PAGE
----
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Dogs

General Health | Vaccinations | Desexing | Puppy Pre-School | Recommendations | Auckland City Council

Desexing

 

What is desexing? 

Desexing is the process of removing reproductive organs so a dog can no longer produce offspring or hormones associated with sexual behaviours and reproduction.  A general anaesthetic is required and surgery is performed to remove the ovaries and uterus in a female dog (ovariohysterectomy or spay) and testicles in a male dog (castration).

 

What are the advantages of desexing?

From a medical standpoint there are a variety of advantages.  Female dogs (bitches) are very much less likely to develop malignant mammary cancers later in life if spayed at an early age.  The chance of developing these tumors increases with each successive heat, so spaying at 6 months of age, prior to the first heat provides the best possible protection.  In older unspayed bitches we also commonly see infections of the uterus which quickly cause the dog to become unwell and are very likely to be fatal if left untreated.

Another common condition in older unspayed bitches is pyometra - an infection of the uterus, in which the uterus becomes extremely enlarged and filled with pus.  This necessitates an emergency operation to remove the ovaries and uterus - a much larger and riskier surgery than a routine spay, as it can be fatal if left untreated. 

Male dogs will not develop testicular tumors if castrated, and are much less likely do develop prostate enlargement and tumors around the anus.

A desexed animal is also a much easier pet to care for. In the male dog castration removes the sexual urge so that if the dog gets the scent of a bitch in oestrus (heat) he is less likely to show any interest which in certain breeds can be an undoubted advantage.  Castration also removes any testosterone related aggression.  It should be noted that aggression can result from various sources, and that even if testosterone is part of the cause this aggression can become a learned behaviour and castration alone will not resolve it, it may still help, but is much more effective when performed as a preventative at 6-8 months of age.

Desexing the bitch prevents oestrus as well as breeding.  She will not come into heat and therefore will not have to be confined and deprived of her usual exercise and companionship which otherwise will occur usually twice a year when she is in heat (oestrus) for at least 3 weeks each time.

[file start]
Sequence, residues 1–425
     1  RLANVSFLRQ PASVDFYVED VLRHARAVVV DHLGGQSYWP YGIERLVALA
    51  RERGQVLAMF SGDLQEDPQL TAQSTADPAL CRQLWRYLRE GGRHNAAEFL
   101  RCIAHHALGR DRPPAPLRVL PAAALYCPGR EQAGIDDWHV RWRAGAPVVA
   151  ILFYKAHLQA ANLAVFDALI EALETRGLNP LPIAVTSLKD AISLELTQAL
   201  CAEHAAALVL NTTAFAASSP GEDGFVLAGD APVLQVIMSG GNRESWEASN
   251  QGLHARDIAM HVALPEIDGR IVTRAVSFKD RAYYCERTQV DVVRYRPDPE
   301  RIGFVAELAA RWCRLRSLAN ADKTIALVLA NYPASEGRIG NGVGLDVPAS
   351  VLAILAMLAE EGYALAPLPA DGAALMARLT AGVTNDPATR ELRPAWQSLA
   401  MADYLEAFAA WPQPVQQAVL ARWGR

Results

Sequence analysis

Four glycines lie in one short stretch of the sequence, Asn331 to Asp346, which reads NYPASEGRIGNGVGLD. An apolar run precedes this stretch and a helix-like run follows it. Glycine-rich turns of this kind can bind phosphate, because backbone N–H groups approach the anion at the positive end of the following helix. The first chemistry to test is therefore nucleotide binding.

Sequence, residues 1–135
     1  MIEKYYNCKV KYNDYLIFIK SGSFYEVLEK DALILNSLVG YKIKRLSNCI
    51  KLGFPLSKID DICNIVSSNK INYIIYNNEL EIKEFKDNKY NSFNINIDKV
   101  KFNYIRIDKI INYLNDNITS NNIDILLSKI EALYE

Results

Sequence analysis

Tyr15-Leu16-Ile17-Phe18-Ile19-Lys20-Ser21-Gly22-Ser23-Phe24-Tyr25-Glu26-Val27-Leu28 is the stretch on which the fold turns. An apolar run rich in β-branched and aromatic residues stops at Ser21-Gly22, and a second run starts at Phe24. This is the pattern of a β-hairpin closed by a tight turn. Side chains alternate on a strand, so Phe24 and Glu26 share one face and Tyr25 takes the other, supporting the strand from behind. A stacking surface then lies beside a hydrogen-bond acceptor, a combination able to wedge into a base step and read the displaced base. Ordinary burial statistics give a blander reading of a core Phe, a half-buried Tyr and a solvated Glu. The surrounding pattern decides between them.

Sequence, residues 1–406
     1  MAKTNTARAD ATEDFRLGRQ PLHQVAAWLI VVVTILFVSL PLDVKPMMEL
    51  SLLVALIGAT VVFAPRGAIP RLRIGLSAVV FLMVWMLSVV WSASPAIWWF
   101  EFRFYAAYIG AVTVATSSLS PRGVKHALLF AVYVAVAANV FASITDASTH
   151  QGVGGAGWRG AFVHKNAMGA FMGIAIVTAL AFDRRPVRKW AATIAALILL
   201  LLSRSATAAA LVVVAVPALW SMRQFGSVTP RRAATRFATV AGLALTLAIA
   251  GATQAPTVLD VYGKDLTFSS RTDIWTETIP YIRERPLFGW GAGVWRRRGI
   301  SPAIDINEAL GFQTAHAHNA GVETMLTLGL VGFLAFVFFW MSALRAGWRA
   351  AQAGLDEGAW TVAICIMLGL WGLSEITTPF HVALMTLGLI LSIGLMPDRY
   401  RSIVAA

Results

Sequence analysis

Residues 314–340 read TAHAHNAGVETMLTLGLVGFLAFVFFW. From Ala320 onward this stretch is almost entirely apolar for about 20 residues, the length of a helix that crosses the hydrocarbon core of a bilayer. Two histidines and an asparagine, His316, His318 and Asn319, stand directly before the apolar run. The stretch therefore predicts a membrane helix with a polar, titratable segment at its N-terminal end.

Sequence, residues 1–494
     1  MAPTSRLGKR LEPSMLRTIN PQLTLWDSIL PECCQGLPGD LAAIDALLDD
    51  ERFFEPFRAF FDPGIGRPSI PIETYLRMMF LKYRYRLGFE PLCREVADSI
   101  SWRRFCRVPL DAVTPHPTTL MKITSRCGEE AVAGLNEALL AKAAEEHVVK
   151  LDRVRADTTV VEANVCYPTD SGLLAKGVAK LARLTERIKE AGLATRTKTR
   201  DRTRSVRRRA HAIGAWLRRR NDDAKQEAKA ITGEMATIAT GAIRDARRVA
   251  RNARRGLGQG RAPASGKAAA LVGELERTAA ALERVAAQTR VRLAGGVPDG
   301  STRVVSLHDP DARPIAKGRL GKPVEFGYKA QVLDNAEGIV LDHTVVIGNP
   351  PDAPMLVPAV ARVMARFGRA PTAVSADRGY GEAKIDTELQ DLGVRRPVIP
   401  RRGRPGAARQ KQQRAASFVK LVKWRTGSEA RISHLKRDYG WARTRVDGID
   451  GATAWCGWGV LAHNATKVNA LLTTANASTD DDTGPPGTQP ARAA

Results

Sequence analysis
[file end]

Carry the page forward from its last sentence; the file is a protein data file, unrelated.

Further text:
And, to state the obvious, desexing will prevent dogs from breeding.  Allowing your bitch to breed can involve a huge commitment of time, effort and money and is not without risk to the bitch, so should not be undertaken lightly.  Our SPCAs are constantly inundated with unwanted animals, and desexing your dog will make sure you are not contributing to this very sad problem.

 

What are the disadvantages of desexing?

It is a common fallacy that a desexed dog will become fat and lazy.  Remember that all service animals, Guide Dogs, Hearing Dogs and Dogs for the Disabled are routinely desexed.  Desexing may alter your dogs metabolism slightly, making it a little more prone to weight gain, however judicious feeding of a scientifically prepared complete diet without excessive titbits should adequately control any problems of obesity, just as it does in the entire animal.

Another common fallacy is that the desexed dog loses character.  Admittedly desexing is often carried out, both in dogs and bitches, for certain behavioural abnormalities and often dogs will become more gentle but they lose neither their spirit nor their intelligence and provided they are not allowed to become obese are just as active as the entire counterpart.

There may be a slight increased risk of some tumors such as haemangiosarcoma and osteosarcoma, and desexed female dogs are more likely to develop urinary incontinence later in life - however if this occurs it is easily treated with medication.  We feel that the medical benefits of desexing far outweigh these risks. 

Desexing for both male and female dogs does involve a general anaesthetic, and as always this does carry a very small element of risk.  However your dog will receive a full clinical examination prior to the procedure, and we will give you the option of a blood test to check their blood cell counts, liver and kidney function prior to the procedure.  We run a full sterile surgery, and have modern heart rate, breathing and blood pressure monitoring equipment with a nurse dedicated solely to monitoring your pet the whole time it is under anaesthetic. We can confidently say the chance of having problems during anaesthetic and surgery of a young healthy animal is extremely small.

If you have any further questions or queries regarding spaying or neutering your dog please feel free to contact us and speak to one of our nurses or veterinarians, we're here to help.